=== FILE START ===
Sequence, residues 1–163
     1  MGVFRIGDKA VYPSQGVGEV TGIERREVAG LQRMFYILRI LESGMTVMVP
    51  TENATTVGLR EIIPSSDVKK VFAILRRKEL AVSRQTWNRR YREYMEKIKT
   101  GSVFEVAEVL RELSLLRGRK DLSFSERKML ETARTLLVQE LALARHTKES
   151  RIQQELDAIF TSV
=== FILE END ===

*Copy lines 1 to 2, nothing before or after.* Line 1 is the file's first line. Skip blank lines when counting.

Sequence, residues 1–163
     1  MGVFRIGDKA VYPSQGVGEV TGIERREVAG LQRMFYILRI LESGMTVMVP